Characterization of the inflammatory response to severe COVID-19 illness.pdf (853.86 kB)

Characterization of the inflammatory response to severe COVID-19 illness.

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posted on 23.02.2021, 10:56 by Oliver McElvaney, Natalie McEvoy, Oisín F McElvaney, Tomas Carroll, Mark Murphy, Danielle M Dunlea, Orna N Choileáin, Jennifer Clarke, Eoin O'Connor, Grace Hogan, Daniel Ryan, Imran Sulaiman, Cedric Gunaratnam, Peter Branagan, Michael E O'Brien, Ross Morgan, Richard Costello, Killian Hurley, Sean Walsh, Eoghan De Bara, Cora McNally, Samuel McConkey, Fiona Boland, Sinead Galvin, Fiona Kiernan, James O'Rourke, Rory Dwyer, Michael Power, Pierce Geoghegan, Caroline Larkin, Ruth A O'Leary, James Freeman, Alan Gaffney, Brian Marsh, Gerard Curley, Noel G McElvaney

Rationale: Coronavirus disease (COVID-19) is a global threat to health. Its inflammatory characteristics are incompletely understood.

Objectives: To define the cytokine profile of COVID-19 and to identify evidence of immunometabolic alterations in those with severe illness.

Methods: Levels of IL-1β, IL-6, IL-8, IL-10, and sTNFR1 (soluble tumor necrosis factor receptor 1) were assessed in plasma from healthy volunteers, hospitalized but stable patients with COVID-19 (COVIDstable patients), patients with COVID-19 requiring ICU admission (COVIDICU patients), and patients with severe community-acquired pneumonia requiring ICU support (CAPICU patients). Immunometabolic markers were measured in circulating neutrophils from patients with severe COVID-19. The acute phase response of AAT (alpha-1 antitrypsin) to COVID-19 was also evaluated.

Measurements and Main Results: IL-1β, IL-6, IL-8, and sTNFR1 were all increased in patients with COVID-19. COVIDICU patients could be clearly differentiated from COVIDstable patients, and demonstrated higher levels of IL-1β, IL-6, and sTNFR1 but lower IL-10 than CAPICU patients. COVID-19 neutrophils displayed altered immunometabolism, with increased cytosolic PKM2 (pyruvate kinase M2), phosphorylated PKM2, HIF-1α (hypoxia-inducible factor-1α), and lactate. The production and sialylation of AAT increased in COVID-19, but this antiinflammatory response was overwhelmed in severe illness, with the IL-6:AAT ratio markedly higher in patients requiring ICU admission (P < 0.0001). In critically unwell patients with COVID-19, increases in IL-6:AAT predicted prolonged ICU stay and mortality, whereas improvement in IL-6:AAT was associated with clinical resolution (P < 0.0001).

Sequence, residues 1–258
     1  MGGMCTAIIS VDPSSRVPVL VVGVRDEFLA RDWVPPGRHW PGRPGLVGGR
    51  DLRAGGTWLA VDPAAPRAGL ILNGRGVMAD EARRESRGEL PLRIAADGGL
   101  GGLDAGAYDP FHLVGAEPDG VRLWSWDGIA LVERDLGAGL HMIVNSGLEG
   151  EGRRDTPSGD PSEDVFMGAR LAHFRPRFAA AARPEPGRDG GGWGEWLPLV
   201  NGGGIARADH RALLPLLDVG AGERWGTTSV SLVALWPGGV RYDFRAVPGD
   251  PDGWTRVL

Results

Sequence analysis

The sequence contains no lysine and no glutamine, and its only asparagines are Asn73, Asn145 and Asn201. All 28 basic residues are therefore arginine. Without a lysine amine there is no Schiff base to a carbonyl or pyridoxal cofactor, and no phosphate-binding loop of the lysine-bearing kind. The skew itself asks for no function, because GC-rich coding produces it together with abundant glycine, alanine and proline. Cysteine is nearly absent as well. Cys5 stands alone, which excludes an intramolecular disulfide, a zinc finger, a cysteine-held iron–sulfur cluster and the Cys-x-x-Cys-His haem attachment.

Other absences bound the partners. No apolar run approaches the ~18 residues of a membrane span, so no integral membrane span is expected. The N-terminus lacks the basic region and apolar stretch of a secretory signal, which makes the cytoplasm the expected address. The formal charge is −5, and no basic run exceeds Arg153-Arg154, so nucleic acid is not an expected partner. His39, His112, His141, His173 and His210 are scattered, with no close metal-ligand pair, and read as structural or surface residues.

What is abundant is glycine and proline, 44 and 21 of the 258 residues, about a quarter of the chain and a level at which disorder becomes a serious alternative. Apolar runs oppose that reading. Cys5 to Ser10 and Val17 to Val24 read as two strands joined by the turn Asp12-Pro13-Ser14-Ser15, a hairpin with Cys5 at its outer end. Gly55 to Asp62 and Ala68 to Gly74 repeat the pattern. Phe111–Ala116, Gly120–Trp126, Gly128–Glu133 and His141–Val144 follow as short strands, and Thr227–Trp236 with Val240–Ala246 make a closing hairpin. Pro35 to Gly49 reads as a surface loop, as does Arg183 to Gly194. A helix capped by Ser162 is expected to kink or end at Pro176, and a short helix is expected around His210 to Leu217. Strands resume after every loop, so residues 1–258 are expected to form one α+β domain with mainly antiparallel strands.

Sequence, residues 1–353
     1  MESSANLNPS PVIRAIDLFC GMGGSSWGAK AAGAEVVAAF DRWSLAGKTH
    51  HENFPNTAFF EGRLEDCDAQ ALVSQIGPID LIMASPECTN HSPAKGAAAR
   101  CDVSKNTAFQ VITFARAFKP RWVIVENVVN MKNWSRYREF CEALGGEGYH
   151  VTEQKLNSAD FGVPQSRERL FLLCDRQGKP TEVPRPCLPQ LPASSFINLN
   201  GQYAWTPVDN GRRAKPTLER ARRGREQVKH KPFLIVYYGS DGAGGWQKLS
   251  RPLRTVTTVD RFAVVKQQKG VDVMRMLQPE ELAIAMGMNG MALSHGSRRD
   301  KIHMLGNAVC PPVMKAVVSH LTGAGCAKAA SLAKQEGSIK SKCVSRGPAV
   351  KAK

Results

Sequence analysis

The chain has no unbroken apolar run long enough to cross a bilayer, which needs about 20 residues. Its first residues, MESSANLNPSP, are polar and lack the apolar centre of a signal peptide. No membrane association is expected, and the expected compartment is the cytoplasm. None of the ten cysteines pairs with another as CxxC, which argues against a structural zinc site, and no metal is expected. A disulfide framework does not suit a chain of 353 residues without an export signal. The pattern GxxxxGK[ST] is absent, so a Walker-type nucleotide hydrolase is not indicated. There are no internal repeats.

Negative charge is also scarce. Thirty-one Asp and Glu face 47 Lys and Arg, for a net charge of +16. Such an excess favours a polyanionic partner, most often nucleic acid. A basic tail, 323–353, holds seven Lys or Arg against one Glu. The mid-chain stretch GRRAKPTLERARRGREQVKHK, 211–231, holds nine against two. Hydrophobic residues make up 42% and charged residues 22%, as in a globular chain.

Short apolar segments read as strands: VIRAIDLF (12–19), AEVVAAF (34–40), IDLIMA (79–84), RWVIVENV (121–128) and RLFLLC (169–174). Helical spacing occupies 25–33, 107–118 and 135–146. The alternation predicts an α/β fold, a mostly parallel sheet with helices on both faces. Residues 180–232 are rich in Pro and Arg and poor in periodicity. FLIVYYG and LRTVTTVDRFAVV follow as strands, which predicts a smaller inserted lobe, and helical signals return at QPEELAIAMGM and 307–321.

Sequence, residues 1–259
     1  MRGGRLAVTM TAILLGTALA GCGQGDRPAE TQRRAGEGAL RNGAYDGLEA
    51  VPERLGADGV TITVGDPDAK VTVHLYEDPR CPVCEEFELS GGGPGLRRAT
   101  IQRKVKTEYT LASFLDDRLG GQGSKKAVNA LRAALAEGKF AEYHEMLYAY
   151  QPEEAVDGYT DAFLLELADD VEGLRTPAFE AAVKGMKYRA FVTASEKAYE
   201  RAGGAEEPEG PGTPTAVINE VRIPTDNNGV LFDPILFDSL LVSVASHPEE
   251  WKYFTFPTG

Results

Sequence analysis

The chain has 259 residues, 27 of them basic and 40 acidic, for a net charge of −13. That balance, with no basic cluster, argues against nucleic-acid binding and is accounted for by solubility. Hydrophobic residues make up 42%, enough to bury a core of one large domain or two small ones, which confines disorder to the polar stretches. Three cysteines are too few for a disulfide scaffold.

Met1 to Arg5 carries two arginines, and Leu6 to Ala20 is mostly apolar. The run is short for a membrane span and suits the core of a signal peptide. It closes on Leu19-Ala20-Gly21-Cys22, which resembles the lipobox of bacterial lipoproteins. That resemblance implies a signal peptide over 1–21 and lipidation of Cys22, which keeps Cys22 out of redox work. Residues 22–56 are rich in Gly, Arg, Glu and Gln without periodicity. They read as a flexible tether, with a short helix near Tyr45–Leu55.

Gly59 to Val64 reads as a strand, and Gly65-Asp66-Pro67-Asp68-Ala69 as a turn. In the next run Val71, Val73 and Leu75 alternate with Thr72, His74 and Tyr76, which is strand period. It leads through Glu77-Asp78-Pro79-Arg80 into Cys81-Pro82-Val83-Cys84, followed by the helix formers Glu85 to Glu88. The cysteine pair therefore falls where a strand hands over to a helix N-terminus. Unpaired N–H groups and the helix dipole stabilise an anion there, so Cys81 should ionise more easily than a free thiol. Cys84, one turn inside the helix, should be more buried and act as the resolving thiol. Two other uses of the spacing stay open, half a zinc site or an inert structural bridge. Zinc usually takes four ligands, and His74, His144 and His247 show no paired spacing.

Conclusions: The COVID-19 cytokinemia is distinct from that of other types of pneumonia, leading to organ failure and ICU need. Neutrophils undergo immunometabolic reprogramming in severe COVID-19 illness. Cytokine ratios may predict outcomes in this population.

Measurements and Main Results: IL-1β, IL-6, IL-8, and sTNFR1 were all increased in patients with COVID-19. COVIDICU patients could be clearly differentiated from COVIDstable patients, and demonstrated higher levels of IL-1β, IL-6, and sTNFR1 but lower IL-10 than CAPICU patients. COVID-19 neutrophils displayed altered immunometabolism, with increased cytosolic PKM2 (pyruvate kinase M2), phosphorylated PKM2, HIF-1α (hypoxia-inducible factor-1α), and lactate. The production and sialylation of AAT increased in COVID-19, but this antiinflammatory response was overwhelmed in severe illness, with the IL-6:AAT ratio markedly higher in patients requiring ICU admission (P < 0.0001). In critically unwell patients with COVID-19, increases in IL-6:AAT predicted prolonged ICU stay and mortality, whereas improvement in IL-6:AAT was associated with clinical resolution (P < 0.0001).

Conclusions: The COVID-19 cytokinemia is distinct from that of other types of pneumonia, leading to organ failure and ICU need. Neutrophils undergo immunometabolic reprogramming in severe COVID-19 illness. Cytokine ratios may predict outcomes in this population.

Funding

Elaine Galwey Memorial Research Bursary

American Thoracic Society ATS International Trainee Scholarship Award

American Thoracic Society ATS Abstract Scholarship Award

History

Comments

The original article is available at https://www.atsjournals.org/

Published Citation

McElvaney OJ, McEvoy NL, McElvaney OF, Carroll TP, Murphy MP, Dunlea DM, Ní Choileáin O, Clarke J, O'Connor E, Hogan G, Ryan D, Sulaiman I, Gunaratnam C, Branagan P, O'Brien ME, Morgan RK, Costello RW, Hurley K, Walsh S, de Barra E, McNally C, McConkey S, Boland F, Galvin S, Kiernan F, O'Rourke J, Dwyer R, Power M, Geoghegan P, Larkin C, O'Leary RA, Freeman J, Gaffney A, Marsh B, Curley GF, McElvaney NG. Characterization of the inflammatory response to severe COVID-19 illness. American Journal of Respiratory and Critical Care Medicine. 2020;202(6):812-821.

Publication Date

15 September 2020

PubMed ID

32584597

Department/Unit

  • Beaumont Hospital
  • Medicine
  • Data Science Centre
  • International Health and Tropical Medicine
  • Anaesthetics and Critical Care

Research Area

  • Respiratory Medicine
  • Population Health and Health Services
  • Biomaterials and Regenerative Medicine
  • Immunity, Infection and Inflammation

Publisher

American Thoracic Society

Version

  • Published Version (Version of Record)